Nick Oberthaler, 'Eventuality of an Attempt', 2012. Photo Yana Foque.
Nick Oberthaler, 'Eventuality of an Attempt', 2012. Photo Yana Foque.
Nick Oberthaler, 'Eventuality of an Attempt', 2012. Photo Yana Foque.
Nick Oberthaler, 'Eventuality of an Attempt', 2012. Photo Yana Foque.
Nick Oberthaler, 'Eventuality of an Attempt', 2012. Photo Yana Foque.
Nick Oberthaler, 'Eventuality of an Attempt', 2012. Photo Yana Foque.
Nick Oberthaler, 'Eventuality of an Attempt', 2012. Photo Yana Foque.
Nick Oberthaler, 'Eventuality of an Attempt', 2012. Photo Yana Foque.
Nick Oberthaler, 'Eventuality of an Attempt', 2012. Photo Yana Foque.
Nick Oberthaler, 'Eventuality of an Attempt', 2012. Photo Yana Foque.

Eventuality of an Attempt

The upcoming exhibition at KIOSK is a double-bill of solo presentations by Austrian artist Nick Oberthaler (°1981, Bad Ischl, based in Brussels) and Dutch artist Sara van der Heide (°1977, Busan, based in Amsterdam).
In their presentations, both artists investigate the possibilities fundamentally inherent in the pictorial medium. Oberthaler mainly focuses on the formal pictorial traditions, prying them open to widen their scope, where Van der Heide examines art-historical dogmas and historical political certainties from a contemporary perspective. The works on display in both cases testify of a specific sensitivity for the incorporeal aspects of painting, watercolours or drawing.

Nick Oberthaler brings his show Eventuality of an Attempt to KIOSK. The attempt in question is one he will undertake to attain a condensed atmospheric experience through the use of mixed techniques on paper, sculpture and the integration of a spatial intervention. But the title also stresses the precariousness of this attempt and the idea that the exhibition’s form will never be fully realized or ‘complete’.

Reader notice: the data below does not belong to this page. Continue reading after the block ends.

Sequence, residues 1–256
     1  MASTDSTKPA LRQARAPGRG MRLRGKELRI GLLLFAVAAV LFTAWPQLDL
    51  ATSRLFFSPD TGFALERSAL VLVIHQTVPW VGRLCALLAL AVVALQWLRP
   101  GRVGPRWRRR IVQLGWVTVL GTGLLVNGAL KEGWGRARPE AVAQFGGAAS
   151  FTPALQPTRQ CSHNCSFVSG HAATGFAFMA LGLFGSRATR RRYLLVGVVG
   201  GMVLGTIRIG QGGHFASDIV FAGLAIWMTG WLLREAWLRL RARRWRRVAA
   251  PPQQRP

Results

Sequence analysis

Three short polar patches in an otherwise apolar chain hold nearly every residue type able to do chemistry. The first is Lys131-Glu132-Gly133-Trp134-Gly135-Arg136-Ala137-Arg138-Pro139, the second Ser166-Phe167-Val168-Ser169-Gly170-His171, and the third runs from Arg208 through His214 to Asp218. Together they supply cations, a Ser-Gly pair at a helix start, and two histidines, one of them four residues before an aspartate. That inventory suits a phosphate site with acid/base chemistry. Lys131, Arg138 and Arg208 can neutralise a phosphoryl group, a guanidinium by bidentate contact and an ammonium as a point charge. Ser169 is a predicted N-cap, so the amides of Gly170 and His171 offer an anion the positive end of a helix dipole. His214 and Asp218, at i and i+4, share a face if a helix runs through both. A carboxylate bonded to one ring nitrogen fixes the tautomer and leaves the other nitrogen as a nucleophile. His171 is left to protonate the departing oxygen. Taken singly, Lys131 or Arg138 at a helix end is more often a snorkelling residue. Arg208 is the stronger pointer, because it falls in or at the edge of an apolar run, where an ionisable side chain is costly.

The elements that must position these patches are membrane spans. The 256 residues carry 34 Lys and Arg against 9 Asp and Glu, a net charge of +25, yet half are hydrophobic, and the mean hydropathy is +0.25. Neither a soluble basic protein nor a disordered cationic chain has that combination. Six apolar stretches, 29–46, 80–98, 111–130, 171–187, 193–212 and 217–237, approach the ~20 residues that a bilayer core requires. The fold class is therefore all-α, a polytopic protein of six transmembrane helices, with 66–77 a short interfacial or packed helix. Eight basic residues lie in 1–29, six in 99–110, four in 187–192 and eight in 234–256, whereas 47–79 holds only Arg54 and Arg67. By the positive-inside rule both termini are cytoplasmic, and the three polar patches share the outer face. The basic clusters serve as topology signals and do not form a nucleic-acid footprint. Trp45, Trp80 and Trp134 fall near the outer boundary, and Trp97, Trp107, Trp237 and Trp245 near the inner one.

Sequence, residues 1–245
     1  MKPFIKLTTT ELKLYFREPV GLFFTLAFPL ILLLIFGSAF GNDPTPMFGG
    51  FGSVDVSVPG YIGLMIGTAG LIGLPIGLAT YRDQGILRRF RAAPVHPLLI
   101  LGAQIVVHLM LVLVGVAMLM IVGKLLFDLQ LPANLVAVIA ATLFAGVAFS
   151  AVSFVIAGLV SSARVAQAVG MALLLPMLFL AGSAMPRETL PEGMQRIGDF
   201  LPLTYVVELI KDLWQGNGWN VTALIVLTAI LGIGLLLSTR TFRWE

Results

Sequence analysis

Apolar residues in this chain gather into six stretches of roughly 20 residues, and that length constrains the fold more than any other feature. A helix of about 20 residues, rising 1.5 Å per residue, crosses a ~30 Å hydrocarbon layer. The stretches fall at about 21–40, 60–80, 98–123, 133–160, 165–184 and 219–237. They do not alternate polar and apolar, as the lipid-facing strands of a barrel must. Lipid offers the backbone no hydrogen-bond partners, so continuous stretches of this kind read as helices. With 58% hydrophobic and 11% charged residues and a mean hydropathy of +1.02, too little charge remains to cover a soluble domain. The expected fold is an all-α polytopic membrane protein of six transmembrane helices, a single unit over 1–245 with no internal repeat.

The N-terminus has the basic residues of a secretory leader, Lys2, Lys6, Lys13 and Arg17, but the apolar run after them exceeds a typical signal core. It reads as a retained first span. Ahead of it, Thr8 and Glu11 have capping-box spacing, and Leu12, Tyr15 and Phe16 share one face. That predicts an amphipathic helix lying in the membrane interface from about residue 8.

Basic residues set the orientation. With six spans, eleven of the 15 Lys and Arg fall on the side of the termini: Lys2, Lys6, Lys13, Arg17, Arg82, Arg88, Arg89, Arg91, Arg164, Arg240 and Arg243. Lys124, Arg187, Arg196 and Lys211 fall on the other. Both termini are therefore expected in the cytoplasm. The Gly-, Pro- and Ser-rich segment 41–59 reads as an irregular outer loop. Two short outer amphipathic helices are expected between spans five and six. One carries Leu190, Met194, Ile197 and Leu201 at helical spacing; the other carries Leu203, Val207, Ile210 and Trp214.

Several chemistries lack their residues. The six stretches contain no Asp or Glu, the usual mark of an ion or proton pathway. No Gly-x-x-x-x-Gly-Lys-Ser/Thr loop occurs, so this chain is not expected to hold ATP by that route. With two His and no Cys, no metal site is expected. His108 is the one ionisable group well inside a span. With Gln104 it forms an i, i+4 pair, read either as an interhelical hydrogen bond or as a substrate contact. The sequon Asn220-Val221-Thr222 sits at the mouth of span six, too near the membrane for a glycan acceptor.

Oberthaler is fully aware of the traditional formal components of which the pictorial representation of a landscape is composed. Horizontal lines slide through several of his abstract geometric designs like so many limitless horizons in landscapes.
The same intention will also gear the treatment of KIOSK’s architectural landscape: the central dome room accommodates four equal spaces created by a cruciform construction of gypsum board. Some of the wall boards function as temporary drawing and painting surfaces, others bear Oberthaler’s pictorial ‘canvases on paper’ and ‘paint drawings’ that are mainly made with Indian ink, wax, pastels, gouache, photographic fragments and collages. These expand onto the mirror-covered wall construction to become three-dimensional temporary landscapes. The work thus explores the material and spatial boundaries of painting. With German romanticism as an undercurrent throughout Eventuality of an Attempt, the artist expresses the yearning to reach a similar level of the sublime through reduction.

10.02.12 - 25.03.12

Sara van der Heide

Opening: Friday 10 February 2012 - 00:00

Exhibition
Sara van der Heide, 'Claim to Universality. Colour Theory Exercise 1-20', 2012. Photo Yana Foque.
Sara van der Heide, 'Claim to Universality. Colour Theory Exercise 1-20', 2012. Photo Yana Foque.
Sara van der Heide, 'Claim to Universality. Colour Theory Exercise 1-20', 2012. Photo Yana Foque.